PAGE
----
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Joe Arenella: Improve Your Discovery

Founder of SignTracker, Joe Arenella offers some tips and advice on learning to approach sales as a discovery process to gain even happier clients

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The sale is in the discovery, not in the delivery!

 
Discovery is about uncovering problems, not just about offering a quote and proper discovery allows you to fix two big issues:
 
#1 - Commodity pricing - if clients think they are just buying a sign then it’s all about price, but if you’re able to show how signs create more trust in their brand, a more professional look, or even draw more attention to their business then we're talking a whole different currency!
 
#2 – ‘Bad clients’ - 90% of what you might think are ‘bad clients’ are just people that assume they know how signs should be done. They have their own ideas about how your processes should work, and most of the time it’s because they just don’t understand. If you’re able to educate them about what it actually takes to deliver effective signage they will trust your solutions. That means less friction, better relationships, and a whole lot of repeat business!
 
Let’s take a look at how to fix these problems through some Critical Areas of Discovery:
 
 
1. Educate your client
 
Most clients have no idea what goes into making a sign, or what type of sign is best for their business. This creates a great opportunity for you to begin to build trust by educating them about the process and helping them see what could work for them.

Believe it or not, clients want you to do this! All they want is to feel they are making the best investment possible.
 
When you initially sit down with your client, take the time to listen and understand their goals, who they are trying to reach, and what message they are trying to convey. Help them understand how their brand, colours, and messaging will translate into an effective sign. 

If they are building an apartment complex, is it important for the brand to be on every sign, or just the main entry sign? If you are wrapping a fleet of trucks, how do you communicate their services effectively at 70 miles per hour? 
 
Once you have a pretty good idea of their goals and their budget, don’t be afraid to ask for a deposit to get started. Typically, if you have to do a site survey, landlord criteria research, and initial designs (three revisions at most) that is about 10% of the cost of the total project. If the client feels you are “all-in” when it comes to solving their problems they will trust in your expertise and want to work with you over someone just interested in closing the deal.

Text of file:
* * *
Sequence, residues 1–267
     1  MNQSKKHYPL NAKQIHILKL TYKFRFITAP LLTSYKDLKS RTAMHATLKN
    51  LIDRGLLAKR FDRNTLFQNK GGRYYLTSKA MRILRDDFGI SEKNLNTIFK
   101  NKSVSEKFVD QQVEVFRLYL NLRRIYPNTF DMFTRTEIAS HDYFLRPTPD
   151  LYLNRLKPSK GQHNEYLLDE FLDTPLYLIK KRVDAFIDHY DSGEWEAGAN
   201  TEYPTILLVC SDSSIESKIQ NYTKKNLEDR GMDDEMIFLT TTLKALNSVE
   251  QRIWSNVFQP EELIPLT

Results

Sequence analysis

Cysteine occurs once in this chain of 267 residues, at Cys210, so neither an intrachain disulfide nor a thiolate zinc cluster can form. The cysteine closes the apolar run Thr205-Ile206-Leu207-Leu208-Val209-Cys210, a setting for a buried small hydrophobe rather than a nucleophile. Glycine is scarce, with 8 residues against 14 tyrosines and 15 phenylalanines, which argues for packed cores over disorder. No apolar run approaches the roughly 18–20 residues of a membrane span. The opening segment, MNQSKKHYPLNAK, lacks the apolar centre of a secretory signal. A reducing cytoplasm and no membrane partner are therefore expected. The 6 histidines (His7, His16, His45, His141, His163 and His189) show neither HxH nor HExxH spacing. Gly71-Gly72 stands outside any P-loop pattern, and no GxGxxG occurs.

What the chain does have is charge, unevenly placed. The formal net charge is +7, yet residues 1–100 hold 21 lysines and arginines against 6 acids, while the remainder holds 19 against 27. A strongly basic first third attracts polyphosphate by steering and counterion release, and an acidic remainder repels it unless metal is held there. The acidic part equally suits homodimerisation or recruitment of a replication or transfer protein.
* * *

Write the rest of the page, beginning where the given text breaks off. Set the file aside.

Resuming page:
2. Find what they really want
 
What the client thinks they want, is never what they REALLY want. After 20 years in the business, I’ve seen this in every project I’ve done. It’s your job to uncover that, that’s how you make way more money too.
 
This is the stage of discovery where all the opportunities can be uncovered, especially if you are motivated to ensure the client’s success. I love this stage of the project because it requires both expertise and creativity. What can be done to solve the client’s problems, and is there more that you can do to make it even better than they expected?
  
I did a project a few years back in downtown Austin. During the initial interview, the client said they wanted to have a huge set of channel letters that could be seen blocks away. The building was over 20 stories high, so it was going to require lane closure, multiple cranes, engineering, and the construction of bracing for the roof mounts.  

After researching what was allowed, we discovered they could have two signs on the building because they took up the majority of the building’s office space. 

We made a quick call to the client, and they were excited. It went from a $75,000 (£60,100) project to $125,000 (£100,000). But wait, it gets better.

They were so happy about getting two signs approved, they asked if we knew a reliable vendor to do wall coverings. Of course, I said, “we do that!” We partnered up with a few vendors and sold $200,000 (£160,000) worth of digitally printed wall graphics. 

If I had just approached this by giving them what they thought they wanted – a single sign, I would have missed out on a huge opportunity.  This relationship lasted years, and we ended up doing projects all over the US, from New York City to San Francisco. Not all your clients are going to have unlimited budgets, but if your focus is to help them succeed, they will want to work with you again and again. 

 
3. Change Your Approach (Forever)
 
  
Learning to approach sales as discovery might feel a little different, but you will build a much better client base, and create more profitable job opportunities. Clients that know you are reliable and motivated to help and will become more like a trusted partner than a client.
 
I am convinced that focusing on your customers’ happiness will create a better company culture for your team as well. They won’t just be sign-makers, they will become part of your customers’ success story. That is a little bit more motivating than just slapping a sign on the wall! So go out and solve some problems, and okay, sell a few signs while you’re at it.




Joe Arenella founded two sign shops before launching SignTracker, a software program that helps sign shop owners track their jobs, quote more consistently, and provide their team a birds-eye view into what’s going on in the shop. 


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